Unless you’re buying a small, pre-trimmed brisket for the same price as a full un-trimmed, you’re probably buying a 15-20 lb un-trimmed piece of beef. I’m pretty picky when it comes to choosing a brisket. I like the fat to be light yellow, not brown. The brisket should easily bend when lifted from the center and the packaging should not be loose or bloated looking around the meat. The color should be clean and red, no blemishes or weird discolorations.
This time, I chose to use a traditional Texas rub, instead of my own blend to see how it would come out.
Not bad, but I still prefer my own rub. So, if you’re smoking anytime soon, you might enjoy this.
1-15 lb. Brisket, un-trimmed
1/4 c fresh cracked pepper
1/3 c kosher salt
1 c apple juice
1 c beef broth
4 c apple, cherry, oak smoking chips
The first thing I did was remove about 1/3 of the full brisket and saved it for corned beef (this is mainly where the tallow came from).
I then trimmed all but about 1/2 inch of fat from the fat cap on the remaining brisket. Remove all silver skin and most of the fat from the top side of your brisket. Use the fat for tallow to make gravies, basting certain dishes etc. This left me with an 8 lb brisket. Sizes and weights will vary.
Once done trimming, combine salt and pepper in a small bowl. Mix well and season each side of the brisket generously. I usually use pink salt to create the smoke ring I usually demand in my brisket but, have never accomplished without it. In this case, I completely forgot. So, if you do want to create your own ring to ensure that beautiful trademark pink line is prevelant throughout your brisket, simply spread some pink curing salt over your brisket and allow to sit about 7 minutes. Rinse well and proceed to season.
These are two different briskets I’ve smoked using the pink salt and you can see in my post pic that this pink line is non-existent.
Once the brisket is seasoned, wrap it up in plastic wrap and place in a container. Allow to cure 1-2 days. Plan to smoke your brisket for 1 hour and 20 minutes per pound.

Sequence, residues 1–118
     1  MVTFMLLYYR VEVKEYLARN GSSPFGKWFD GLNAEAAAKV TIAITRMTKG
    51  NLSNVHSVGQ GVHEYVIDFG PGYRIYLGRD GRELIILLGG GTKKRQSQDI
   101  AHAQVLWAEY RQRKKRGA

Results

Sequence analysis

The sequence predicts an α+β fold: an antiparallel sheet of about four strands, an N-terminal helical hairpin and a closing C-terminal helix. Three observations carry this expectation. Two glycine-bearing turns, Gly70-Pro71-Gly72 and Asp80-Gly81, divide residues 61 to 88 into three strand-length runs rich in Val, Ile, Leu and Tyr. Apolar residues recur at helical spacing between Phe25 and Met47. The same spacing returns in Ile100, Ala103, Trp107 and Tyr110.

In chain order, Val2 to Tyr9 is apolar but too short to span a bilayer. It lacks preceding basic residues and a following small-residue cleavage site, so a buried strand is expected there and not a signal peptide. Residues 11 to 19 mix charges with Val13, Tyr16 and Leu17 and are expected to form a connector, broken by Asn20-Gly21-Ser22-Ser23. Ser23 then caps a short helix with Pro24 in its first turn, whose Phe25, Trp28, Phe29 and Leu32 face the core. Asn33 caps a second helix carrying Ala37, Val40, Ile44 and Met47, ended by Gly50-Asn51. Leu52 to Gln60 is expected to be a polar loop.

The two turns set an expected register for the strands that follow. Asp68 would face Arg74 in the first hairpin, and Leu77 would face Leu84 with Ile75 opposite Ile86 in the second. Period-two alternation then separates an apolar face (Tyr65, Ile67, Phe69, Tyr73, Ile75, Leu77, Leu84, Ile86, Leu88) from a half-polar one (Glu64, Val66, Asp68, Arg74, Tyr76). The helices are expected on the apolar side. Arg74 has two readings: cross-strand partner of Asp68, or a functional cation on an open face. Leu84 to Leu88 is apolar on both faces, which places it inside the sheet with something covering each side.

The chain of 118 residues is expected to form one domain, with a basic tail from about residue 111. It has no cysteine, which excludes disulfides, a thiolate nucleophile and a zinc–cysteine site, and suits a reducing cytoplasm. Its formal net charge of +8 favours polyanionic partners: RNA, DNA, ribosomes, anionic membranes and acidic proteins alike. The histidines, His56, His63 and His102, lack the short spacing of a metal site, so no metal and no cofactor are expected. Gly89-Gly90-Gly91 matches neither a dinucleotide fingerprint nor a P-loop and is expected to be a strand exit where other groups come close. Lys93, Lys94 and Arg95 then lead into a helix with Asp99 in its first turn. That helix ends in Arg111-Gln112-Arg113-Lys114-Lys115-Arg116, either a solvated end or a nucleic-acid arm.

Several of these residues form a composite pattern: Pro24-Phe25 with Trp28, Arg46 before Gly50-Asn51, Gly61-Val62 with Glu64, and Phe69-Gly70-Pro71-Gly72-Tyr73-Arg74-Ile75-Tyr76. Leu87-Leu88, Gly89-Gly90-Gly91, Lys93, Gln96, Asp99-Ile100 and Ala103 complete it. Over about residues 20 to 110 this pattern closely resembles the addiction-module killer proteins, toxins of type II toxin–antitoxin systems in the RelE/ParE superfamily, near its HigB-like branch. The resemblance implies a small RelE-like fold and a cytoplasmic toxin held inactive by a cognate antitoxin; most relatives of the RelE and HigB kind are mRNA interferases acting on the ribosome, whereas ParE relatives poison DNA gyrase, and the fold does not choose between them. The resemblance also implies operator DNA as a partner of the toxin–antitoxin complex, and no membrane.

When you are ready to smoke your brisket, remove from the refrigerator, unwrap and allow to sit at room temp for about an hour. During this wait, move your smoking rack just above the center of the smoker. Fill the smoke chip tray with your chips. Set the smoker on 225° for 1 hour past the desired time of smoking process. This will depend on the size of your brisket.
Fill a spray bottle with the broth and apple juice. Set aside.
Once the brisket and smoker have been sitting for 1 hour, transfer the brisket the your smoker, fat side up. Insert your temperature probe into the center of the thickest part of the meat and set it. Your probe should have a magnet for you to stick on the side of your smoker. Get that in place and seal the door. Allow to smoke for 1 hour before spraying generously, top and bottom, with the liquid mixture.
During the smoking process, you’ll need to add wood chips as they burn off. Make sure to spray your meat about every 30-45 minutes.
Once the brisket has raised to 180° F, remove from the smoker and wrap in plastic wrap then, foil.
Wrap it up well and place in an insulated cooler. Cover with kitchen towels and close the lid. Allow to rest a minimum of 1 hour before slicing or you’re going to have a ridiculously dry brisket.
(IF you ever do end up with a dried out brisket, you can save it a bit by filling a baking dish half way with the spray mixture, slicing it up, place in the dish, cover and bake at 200° for roughly 2-3 hours.)
When the brisket has rested a while, thinly slice against the grain. Rule of thumb is to serve 1/3 lb per person but, it’s not set in stone so, do what you like.
I served this with boudin stuffed jalapeños, and Mexican street corn.
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